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How messages look in the Message pane is, to a limited extent, configurable. To changes the settings, go to Thunderbird's menu and select Tools, Options.
In the Options window, click the Display button on the left. In the Message Display section (on the right) are settings for both plain-text messages and HTML messages. You'll also see settings to control the colors for labeled messages; these were described in Chapter 11, "Organizing Email with Thunderbird."
Plain-text messages have a few more formatting options than HTML messages. For a plain-text message, you can choose to wrap long lines so the message fits the window width without scrolling. You can also choose to display emoticons as graphics.
Another setting is whether to use a fixed width font, such as Courier New, or a variable width font, such as Times New Roman.
Message replies often contain quoted text from the original message. The convention is to annotate a quoted line by setting the first character to a greater than sign (>). This quoting can be nested many levels deep, and email etiquette says you should limit quoting to only necessary material.
Quoted portions can be made bold, italic, bold and italic, or regular text. As well, you can set the size to be regular, bigger, or smaller. A final option lets you set the quoted text's color the default is a medium gray.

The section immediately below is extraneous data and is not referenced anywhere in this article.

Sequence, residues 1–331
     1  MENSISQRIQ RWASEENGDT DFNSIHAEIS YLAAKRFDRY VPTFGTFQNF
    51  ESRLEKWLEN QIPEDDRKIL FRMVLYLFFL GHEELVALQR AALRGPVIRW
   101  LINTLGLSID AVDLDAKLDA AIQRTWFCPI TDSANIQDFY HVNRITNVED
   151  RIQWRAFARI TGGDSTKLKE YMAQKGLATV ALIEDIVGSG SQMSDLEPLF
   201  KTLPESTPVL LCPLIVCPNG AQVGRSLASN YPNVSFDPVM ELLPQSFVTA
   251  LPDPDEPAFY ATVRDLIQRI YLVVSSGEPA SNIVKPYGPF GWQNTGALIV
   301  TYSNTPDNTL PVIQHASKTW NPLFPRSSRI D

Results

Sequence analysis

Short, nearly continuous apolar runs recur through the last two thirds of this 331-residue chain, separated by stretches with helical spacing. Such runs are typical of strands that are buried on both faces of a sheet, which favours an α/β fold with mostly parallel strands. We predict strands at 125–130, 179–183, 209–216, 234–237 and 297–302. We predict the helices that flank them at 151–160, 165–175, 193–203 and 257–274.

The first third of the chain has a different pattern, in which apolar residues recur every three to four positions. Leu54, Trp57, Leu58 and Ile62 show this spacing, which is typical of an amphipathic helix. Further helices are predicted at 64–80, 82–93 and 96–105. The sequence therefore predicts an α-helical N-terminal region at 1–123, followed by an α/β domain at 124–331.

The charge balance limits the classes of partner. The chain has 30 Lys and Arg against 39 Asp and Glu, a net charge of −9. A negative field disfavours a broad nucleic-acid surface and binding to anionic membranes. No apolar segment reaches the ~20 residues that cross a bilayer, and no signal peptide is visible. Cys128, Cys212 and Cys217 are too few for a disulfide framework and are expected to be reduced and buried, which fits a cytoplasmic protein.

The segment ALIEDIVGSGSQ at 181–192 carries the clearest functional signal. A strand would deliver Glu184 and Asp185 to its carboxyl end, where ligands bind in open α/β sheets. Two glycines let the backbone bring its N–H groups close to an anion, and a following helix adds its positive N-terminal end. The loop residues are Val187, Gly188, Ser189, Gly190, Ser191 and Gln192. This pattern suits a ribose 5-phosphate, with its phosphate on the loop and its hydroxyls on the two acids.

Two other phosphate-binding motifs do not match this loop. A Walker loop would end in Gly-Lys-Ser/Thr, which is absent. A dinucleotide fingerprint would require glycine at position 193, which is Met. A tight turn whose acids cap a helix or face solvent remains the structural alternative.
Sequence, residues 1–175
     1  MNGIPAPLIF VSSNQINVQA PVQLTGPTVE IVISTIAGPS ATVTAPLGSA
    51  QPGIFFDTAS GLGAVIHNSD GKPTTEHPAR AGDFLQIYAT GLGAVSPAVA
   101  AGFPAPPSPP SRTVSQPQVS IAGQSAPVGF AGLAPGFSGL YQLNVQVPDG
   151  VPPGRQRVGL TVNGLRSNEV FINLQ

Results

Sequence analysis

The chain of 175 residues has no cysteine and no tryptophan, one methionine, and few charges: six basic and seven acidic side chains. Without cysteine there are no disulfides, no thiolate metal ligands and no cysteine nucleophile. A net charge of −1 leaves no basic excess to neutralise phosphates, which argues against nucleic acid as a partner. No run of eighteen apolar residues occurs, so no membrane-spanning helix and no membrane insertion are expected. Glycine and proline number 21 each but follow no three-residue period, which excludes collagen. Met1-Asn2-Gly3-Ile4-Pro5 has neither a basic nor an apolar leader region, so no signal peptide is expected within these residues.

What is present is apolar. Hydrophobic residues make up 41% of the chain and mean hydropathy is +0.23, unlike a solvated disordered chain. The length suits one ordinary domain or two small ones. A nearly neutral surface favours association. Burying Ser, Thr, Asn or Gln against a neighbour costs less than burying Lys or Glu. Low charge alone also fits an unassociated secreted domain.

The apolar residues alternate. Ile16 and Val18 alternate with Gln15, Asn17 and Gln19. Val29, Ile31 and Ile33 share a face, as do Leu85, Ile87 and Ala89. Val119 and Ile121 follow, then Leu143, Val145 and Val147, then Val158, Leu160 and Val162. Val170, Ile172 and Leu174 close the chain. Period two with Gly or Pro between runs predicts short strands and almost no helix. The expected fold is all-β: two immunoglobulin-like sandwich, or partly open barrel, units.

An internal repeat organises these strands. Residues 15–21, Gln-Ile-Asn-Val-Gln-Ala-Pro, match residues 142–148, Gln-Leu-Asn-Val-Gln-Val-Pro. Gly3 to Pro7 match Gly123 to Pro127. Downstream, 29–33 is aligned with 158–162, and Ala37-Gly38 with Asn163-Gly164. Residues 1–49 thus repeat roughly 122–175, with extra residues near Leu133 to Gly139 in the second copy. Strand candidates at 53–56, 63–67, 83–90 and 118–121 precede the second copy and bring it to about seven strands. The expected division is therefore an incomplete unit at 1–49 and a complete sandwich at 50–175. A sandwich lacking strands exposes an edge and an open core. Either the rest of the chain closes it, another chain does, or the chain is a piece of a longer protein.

Generally, HTML messages contain all the formatting as part of the message. However, both the default text color and the default background color can be customized.
Whenever no text color is specified, you can choose to have that text displayed in the color of your choice. The color chosen should contrast well with as many backgrounds as possible; otherwise, the message can be difficult or impossible to read.
When a message has no specified background color, you can specify a background color. Recommendations here are that the color should be light, such as a light gray or light yellow, rather than dark to give good contrast with text that is usually in a darker color or black.
Windows XP/2000 uses an environment variable to hold the location of many of the user-specific files. This variable is %appdata%, and the value is set when the user logs on. This variable can be viewed in a command prompt, although it should never be changed by the user. In virtually any place that a filename and folder are requested, you can insert %appdata%. If you do so, the folder to which %appdata% points is opened. This functionality is available in most applications' Open and Save dialog boxes, as well. The default for %appdata% in most installations is C:\Documents and Settings\[User Name]\Application Data.
You can also use %appdata% in a shortcut's Properties dialog box for Target and Start In.
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